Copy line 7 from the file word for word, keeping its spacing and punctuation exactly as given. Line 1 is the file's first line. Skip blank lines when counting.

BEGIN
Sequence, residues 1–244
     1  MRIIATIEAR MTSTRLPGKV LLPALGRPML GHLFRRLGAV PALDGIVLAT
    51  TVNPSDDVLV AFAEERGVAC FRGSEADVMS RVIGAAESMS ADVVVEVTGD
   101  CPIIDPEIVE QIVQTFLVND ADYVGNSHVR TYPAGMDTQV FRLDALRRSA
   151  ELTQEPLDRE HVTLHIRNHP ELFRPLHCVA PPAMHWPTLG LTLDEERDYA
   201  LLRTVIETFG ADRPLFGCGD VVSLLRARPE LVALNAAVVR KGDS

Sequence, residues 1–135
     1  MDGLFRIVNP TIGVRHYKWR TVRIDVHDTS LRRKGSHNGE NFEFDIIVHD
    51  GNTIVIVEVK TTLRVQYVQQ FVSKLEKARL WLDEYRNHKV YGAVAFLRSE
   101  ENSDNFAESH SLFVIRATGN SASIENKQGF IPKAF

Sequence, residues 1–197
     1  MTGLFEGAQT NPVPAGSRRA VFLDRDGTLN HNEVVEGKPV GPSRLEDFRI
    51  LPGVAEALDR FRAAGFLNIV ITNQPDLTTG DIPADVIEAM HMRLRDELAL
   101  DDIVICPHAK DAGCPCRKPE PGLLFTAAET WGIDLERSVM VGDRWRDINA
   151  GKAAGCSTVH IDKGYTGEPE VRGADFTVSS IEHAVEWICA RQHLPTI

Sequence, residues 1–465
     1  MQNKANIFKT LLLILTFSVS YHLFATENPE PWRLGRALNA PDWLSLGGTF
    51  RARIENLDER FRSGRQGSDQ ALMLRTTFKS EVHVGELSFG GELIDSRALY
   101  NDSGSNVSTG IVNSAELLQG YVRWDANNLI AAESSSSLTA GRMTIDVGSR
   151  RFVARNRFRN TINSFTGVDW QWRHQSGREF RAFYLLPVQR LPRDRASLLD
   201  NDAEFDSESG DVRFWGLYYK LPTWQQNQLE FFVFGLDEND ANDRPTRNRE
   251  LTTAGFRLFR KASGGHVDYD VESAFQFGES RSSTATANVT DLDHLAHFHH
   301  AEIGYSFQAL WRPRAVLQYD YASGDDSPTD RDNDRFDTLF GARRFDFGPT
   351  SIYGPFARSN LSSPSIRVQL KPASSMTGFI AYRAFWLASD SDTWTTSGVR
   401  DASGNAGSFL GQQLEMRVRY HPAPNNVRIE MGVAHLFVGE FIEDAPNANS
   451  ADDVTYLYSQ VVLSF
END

Sequence, residues 1–135